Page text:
It’s Still a Rare Earth
September 25, 2011
Now that hundreds of extrasolar planets are known, how do they compare to ours? The Kepler spacecraft has found a varied assortment of all sizes and distances away from their parent stars. Only a few reside in their star’s habitable zones. But that’s only the first of many requirements for life. Two recent studies indicate that Earth remains a rare bird in the celestial aviary.
Evolution Fits Any Data
September 23, 2011
At first blush, it might seem a wonderful thing when many different kinds of evidence can be explained by one simple, elegant theory. Actually, though, too much confirmation can be a theory’s downfall. When a theory explains too much – even opposite things – it really explains nothing. For instance, everything in the universe can be explained by the phrase, “Stuff happens.” Such a theory is useless, even if true. That’s why any theory that explains too much should be looked at askance. Here are some recent observations offered in support of the theory of evolution:
Trouble in Cosmologyland
September 18, 2011
Underneath the veneer of certainty portrayed by TV documentaries about the universe are deep questions and controversies. Some of these briefly appear on publicly-available news stories, only to be covered by new coats of certainty. Are the new veneers fixing the problems or, instead, whitewashing serious weaknesses in current cosmological understanding? Here are some quick looks under the veneer.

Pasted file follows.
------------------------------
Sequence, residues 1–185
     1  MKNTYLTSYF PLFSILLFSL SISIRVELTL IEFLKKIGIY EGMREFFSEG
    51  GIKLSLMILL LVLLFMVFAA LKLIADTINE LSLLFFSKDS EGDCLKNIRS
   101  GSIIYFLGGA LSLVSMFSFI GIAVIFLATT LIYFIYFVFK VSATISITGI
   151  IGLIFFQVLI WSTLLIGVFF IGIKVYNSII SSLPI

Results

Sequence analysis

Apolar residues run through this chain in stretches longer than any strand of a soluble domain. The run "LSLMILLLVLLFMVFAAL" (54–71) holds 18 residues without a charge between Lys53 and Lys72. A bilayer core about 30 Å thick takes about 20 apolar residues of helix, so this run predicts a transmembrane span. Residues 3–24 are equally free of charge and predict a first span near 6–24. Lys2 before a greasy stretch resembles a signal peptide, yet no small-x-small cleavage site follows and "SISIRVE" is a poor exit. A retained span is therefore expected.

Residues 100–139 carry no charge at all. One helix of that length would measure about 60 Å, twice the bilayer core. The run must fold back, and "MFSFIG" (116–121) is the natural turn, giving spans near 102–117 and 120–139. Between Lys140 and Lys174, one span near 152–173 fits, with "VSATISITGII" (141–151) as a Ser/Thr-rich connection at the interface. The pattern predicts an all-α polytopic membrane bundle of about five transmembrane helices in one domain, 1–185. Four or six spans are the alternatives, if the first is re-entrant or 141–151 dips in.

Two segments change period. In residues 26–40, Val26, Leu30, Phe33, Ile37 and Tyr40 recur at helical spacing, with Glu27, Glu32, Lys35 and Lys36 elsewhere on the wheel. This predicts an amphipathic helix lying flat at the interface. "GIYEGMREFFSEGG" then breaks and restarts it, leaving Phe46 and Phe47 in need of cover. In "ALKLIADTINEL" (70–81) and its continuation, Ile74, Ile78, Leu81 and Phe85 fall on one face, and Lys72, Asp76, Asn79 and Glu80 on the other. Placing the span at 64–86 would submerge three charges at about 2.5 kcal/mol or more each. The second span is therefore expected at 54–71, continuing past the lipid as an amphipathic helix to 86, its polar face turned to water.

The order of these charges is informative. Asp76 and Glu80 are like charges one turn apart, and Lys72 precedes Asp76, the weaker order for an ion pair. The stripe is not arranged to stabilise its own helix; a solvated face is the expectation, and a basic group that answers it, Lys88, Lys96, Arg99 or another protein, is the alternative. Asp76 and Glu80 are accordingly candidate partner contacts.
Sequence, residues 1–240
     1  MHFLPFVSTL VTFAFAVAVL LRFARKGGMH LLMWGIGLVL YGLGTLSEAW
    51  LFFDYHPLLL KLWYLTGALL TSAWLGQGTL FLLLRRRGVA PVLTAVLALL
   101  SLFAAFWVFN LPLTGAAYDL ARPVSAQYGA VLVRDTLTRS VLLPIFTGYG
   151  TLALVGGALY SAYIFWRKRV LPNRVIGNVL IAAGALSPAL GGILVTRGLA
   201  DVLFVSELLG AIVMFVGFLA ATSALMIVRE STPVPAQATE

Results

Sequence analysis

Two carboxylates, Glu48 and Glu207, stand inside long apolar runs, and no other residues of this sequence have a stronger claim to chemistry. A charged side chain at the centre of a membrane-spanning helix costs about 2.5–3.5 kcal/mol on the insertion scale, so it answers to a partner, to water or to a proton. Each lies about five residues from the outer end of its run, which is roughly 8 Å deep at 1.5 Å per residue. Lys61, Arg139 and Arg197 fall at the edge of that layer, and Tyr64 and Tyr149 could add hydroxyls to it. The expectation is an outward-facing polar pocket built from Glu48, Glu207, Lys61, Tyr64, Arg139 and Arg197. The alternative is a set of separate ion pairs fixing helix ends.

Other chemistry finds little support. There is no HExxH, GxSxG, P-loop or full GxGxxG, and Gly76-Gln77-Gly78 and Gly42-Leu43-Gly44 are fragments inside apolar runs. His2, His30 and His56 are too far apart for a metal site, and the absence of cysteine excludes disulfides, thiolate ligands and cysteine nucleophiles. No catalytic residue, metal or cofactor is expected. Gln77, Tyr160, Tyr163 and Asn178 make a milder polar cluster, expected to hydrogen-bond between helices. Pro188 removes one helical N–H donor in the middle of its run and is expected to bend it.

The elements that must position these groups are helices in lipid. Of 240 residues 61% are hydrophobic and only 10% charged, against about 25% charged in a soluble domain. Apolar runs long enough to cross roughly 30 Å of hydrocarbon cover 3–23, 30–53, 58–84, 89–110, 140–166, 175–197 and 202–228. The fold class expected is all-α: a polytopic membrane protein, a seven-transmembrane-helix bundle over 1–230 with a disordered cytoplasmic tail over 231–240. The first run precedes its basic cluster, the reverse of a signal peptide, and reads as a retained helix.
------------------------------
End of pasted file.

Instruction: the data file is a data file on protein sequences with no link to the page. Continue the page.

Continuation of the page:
Psychotherapy: Needs Reboot? or Just Boot?
September 14, 2011
The word “reboot” assumes a prior boot. You can’t reboot something that never booted up in the first place. The American Psychological Association is calling for “rebooting psychotherapy.” Is it even booted up? The press release begins with an admission that questions whether psychotherapy ever got powered on.
Are Embryonic Stem Cells Obsolete?
September 11, 2011
Adult stem cells can apparently do everything embryonic stem cells can – and they are moving regenerative medicine forward faster, with more results. Since the use of human embryos for research is ethically repugnant to many people, what motivations remain to continue the practice? Here is a rapid-fire list of stem cell news this month:
Science Supports Traditional Values
September 10, 2011
It is well known that liberals outnumber conservatives in academia, but sometimes, scientific studies support traditional values, not leftist ideology. Imagine the surprise of some of these researchers who went looking and found that conservative Christian family organizations have evidence to support their views.